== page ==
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News > Latin America

200,000 Mexican Teachers Continue Education Reform Protests

  • Riot police once again block entry to Mexico City by one of the CNTE caravans.

    Riot police once again block entry to Mexico City by one of the CNTE caravans. | Photo: teleSUR / Clayton Conn

Published 8 June 2016
Opinion

The teachers will keep mobilizing until their demand for a meeting with President Enrique Peña Nieto is met.

Thousands of teachers against corporate education reform ended its multi-city tour and arrived in Mexico City on Wednesday, marking the third mobilization in a week without government response.

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The CNTE union members insist that the reforms are an excuse to justify mass lay-offs, which rose significantly after teachers went to the streets. They argue that teaching evaluation tests do not really measure teaching skills and do not take into account the special knowledge needed to teach in rural areas and Indigenous communities.

Waving banners for free public education and the right to protest, the teachers denounced the increasing privatization and homogenization of education due to the reforms. They were met with roadblocks at several major areas of circulation; a protest on Friday faced 4,000 troops blocking the airport and others have faced severe repression.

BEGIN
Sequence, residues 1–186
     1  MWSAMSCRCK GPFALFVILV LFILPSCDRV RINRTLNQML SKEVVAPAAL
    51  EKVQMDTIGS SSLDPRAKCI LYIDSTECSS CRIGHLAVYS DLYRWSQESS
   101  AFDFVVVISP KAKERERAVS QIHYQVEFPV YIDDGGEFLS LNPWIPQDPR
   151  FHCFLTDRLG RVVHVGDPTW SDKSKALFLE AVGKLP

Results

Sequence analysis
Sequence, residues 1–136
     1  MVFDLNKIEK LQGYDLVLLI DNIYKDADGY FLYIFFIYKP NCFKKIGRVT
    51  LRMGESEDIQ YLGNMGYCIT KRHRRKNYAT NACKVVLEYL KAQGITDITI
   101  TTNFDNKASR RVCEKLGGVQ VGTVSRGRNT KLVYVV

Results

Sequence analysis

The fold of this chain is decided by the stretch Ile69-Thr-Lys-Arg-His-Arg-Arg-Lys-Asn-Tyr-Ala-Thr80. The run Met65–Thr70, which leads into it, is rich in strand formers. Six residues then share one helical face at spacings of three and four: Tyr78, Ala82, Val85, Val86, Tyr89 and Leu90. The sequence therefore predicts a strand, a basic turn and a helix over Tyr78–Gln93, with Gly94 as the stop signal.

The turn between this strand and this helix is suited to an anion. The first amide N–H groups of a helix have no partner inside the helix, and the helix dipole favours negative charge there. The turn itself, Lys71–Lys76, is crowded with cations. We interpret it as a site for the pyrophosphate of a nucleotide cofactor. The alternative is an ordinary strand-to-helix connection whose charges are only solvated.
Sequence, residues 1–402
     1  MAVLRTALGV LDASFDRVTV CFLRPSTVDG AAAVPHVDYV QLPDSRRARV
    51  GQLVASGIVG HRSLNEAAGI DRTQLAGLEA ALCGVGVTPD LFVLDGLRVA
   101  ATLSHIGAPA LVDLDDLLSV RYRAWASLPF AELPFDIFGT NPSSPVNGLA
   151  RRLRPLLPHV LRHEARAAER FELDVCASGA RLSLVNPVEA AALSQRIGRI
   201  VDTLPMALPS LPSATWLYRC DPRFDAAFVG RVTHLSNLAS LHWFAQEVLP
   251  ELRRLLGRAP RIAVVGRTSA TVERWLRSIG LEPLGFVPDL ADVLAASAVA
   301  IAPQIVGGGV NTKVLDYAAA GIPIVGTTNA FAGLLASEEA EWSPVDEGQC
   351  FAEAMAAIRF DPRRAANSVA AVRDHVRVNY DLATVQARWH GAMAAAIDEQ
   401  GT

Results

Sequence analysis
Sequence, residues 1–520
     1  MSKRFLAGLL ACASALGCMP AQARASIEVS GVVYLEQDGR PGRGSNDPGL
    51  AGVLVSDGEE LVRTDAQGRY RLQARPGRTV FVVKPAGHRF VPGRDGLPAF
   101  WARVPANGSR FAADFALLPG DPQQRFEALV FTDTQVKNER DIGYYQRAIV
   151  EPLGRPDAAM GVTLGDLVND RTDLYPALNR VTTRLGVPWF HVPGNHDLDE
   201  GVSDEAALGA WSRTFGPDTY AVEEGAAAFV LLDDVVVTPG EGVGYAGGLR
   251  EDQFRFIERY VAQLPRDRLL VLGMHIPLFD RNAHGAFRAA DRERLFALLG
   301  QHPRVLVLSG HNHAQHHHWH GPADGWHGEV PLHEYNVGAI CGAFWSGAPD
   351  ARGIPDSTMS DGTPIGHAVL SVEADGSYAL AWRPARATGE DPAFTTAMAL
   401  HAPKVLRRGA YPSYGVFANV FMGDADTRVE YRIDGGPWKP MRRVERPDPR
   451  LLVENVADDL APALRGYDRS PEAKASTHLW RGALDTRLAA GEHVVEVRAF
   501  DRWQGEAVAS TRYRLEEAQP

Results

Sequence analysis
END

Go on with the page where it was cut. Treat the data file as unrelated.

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"What happens to them and with the reform reflects what the government wants to do with other working class people. We reject this," Hector Becerra, a social activist at the rally, told teleSUR. "We also reject how the strong police presence violates everyone's constitutional right to free assembly, protest and expression."

While the teachers demand to meet with President Enrique Peña Nieto, he refuses to until they drop their rejection of the reform. The teachers refused his conditions.

The union represents some 200,000 teachers, mostly in poor rural areas, established as an alternative to the corporatist SNTE union, which is aligned with the Peña Nieto government and the largest union in Latin America.

After controversy hit CNTE last week, members are accusing the secretary of education of setting them up to create false divisions between teachers.

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